Too often the centre-left, the decaffeinated left, sided with the snoops, torturers and killers of the security services in their ruthless campaign to get Trump — a dangerous game of opportunism that surrenders the few remaining restraints on the police and judicial system. Those who can protect us from Trump will protect us from real social change with even more zeal.
But Trump is done. And the new year marks a transition. Two early events stand out as possible omens for 2021.
Political comedian Jimmy Dore’s call for House members to leverage their votes for or against Nancy Pelosi’s re-election to speaker of the House created an intense debate on the left. Dore suggested that, given the tightness of the speaker’s race, a few leftish House members could extract a promise to bring a long overdue vote on Medicare for All to the House floor — a modest proposal.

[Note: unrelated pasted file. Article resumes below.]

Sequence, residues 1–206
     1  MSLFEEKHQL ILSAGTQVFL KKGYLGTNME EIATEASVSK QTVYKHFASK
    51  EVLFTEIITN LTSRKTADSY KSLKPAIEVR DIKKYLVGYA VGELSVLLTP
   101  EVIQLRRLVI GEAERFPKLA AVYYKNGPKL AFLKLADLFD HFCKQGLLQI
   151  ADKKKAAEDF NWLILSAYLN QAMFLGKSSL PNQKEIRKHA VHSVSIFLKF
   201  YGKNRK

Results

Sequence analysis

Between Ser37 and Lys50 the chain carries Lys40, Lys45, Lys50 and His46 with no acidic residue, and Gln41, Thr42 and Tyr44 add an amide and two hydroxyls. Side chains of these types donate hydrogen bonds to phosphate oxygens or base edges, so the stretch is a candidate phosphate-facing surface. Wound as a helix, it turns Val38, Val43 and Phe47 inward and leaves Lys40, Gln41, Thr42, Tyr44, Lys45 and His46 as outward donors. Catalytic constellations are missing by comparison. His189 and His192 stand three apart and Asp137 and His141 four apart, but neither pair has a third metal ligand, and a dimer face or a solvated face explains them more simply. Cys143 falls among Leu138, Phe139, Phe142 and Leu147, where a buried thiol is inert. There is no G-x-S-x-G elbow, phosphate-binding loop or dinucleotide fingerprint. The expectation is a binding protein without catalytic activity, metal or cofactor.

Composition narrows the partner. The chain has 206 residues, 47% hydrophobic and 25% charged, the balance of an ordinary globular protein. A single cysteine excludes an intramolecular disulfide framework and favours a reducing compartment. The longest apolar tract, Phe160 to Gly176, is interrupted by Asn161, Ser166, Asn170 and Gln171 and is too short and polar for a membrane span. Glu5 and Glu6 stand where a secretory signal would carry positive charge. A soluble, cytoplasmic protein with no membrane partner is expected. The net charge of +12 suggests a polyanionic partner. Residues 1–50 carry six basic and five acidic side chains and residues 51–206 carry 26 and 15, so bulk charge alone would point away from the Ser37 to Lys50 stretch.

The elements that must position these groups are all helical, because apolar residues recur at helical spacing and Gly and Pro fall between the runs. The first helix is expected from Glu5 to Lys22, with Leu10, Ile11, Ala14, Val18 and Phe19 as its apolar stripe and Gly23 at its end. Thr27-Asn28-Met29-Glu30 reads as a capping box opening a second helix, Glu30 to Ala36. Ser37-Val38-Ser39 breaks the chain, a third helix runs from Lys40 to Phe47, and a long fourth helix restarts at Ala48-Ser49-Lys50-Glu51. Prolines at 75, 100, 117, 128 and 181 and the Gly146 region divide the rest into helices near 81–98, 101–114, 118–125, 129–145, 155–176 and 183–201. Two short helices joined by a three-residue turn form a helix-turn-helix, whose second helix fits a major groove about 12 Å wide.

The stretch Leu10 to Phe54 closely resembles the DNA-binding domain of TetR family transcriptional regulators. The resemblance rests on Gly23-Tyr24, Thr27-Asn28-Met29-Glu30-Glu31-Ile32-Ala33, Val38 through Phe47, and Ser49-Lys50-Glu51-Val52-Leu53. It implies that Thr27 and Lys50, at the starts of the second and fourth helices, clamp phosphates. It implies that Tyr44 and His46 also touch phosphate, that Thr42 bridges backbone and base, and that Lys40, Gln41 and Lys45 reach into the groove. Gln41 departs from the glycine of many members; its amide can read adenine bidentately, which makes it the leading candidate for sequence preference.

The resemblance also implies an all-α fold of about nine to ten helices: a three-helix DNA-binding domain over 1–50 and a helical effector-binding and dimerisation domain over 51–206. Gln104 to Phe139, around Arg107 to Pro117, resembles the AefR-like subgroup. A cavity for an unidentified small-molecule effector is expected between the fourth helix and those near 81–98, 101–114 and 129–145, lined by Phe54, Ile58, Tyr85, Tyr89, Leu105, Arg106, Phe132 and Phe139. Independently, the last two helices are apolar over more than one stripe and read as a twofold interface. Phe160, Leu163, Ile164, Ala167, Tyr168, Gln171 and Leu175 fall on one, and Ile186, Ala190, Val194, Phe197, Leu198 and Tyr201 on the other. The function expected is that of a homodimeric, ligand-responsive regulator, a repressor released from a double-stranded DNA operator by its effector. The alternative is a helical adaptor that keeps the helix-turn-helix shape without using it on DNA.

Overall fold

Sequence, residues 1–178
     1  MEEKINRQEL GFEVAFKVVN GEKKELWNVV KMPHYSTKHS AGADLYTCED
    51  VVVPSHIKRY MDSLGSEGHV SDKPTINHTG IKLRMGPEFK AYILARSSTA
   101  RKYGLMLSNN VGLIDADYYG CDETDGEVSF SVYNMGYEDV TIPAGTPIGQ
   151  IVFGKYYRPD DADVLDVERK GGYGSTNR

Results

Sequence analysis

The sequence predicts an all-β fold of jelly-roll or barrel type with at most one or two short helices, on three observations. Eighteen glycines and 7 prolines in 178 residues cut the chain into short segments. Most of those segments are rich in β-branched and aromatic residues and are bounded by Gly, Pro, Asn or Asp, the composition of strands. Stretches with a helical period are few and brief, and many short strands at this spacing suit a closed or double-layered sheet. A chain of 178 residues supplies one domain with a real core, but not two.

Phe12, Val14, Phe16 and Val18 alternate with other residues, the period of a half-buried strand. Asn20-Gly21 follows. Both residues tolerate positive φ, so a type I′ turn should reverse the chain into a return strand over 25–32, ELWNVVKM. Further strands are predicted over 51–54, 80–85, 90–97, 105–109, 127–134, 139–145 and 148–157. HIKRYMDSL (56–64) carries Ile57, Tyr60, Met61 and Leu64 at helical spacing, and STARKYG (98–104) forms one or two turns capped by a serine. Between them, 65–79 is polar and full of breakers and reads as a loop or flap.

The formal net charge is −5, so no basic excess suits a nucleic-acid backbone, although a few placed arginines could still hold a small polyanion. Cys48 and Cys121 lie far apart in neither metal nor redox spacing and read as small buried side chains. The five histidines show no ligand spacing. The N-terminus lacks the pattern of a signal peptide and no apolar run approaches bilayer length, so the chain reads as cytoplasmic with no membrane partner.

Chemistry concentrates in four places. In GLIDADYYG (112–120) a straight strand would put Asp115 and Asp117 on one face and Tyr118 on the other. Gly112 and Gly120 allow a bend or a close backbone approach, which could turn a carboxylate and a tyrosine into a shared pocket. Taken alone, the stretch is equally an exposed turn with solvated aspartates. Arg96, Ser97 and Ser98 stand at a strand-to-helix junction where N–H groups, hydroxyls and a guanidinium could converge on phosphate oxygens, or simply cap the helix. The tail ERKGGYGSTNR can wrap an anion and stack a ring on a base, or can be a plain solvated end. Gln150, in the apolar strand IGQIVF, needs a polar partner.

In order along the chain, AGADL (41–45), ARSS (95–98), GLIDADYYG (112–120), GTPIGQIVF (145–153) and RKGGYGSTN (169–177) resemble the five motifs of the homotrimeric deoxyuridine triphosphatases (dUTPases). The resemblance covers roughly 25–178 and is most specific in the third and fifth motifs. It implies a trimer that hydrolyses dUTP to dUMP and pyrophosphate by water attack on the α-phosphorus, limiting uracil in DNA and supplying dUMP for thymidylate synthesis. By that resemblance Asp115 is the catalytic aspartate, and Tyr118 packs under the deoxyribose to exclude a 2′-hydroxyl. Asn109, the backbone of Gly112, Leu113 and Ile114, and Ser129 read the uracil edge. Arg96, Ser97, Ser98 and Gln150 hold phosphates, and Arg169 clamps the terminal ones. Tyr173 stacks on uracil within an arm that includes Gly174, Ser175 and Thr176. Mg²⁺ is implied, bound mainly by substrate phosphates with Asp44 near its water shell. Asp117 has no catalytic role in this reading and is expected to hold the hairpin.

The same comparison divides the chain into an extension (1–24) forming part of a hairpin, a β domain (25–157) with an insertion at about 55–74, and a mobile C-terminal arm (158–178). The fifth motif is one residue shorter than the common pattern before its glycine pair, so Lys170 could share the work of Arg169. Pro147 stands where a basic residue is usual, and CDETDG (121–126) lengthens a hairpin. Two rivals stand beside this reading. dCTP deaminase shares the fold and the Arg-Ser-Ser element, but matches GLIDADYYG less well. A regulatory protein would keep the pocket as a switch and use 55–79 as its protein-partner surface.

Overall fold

The weak-tea, Democratic Party-loving left shrieked hysterically: Dore carries no weight; he is vulgar; he shows no deference to our sainted representatives; a vote would embarrass us, revealing our weakness; and so on … With Trump on the way out, why would anyone want to spoil our never-ending brunch by advocating political action?
As with the aftermath of the election of Barack Obama in 2008, it is considered impolite to interrupt the celebration with messy questions about the road to genuine social change. Trust in our leaders ...
Predictably, Democratic elected officials succeeded in ignoring the challenge presented by Dore. But unlike in 2008, a number of liberals with spine spoke up and insisted that the Dore strategy was defensible, even advisable. Instead of rolling over as they did so often during the Obama administration, some liberals argued the merits of Dore’s proposal, refusing to be distracted by irrelevancies. Maybe there is some small hope that social justice will not be smothered by the Democratic Party in the new year.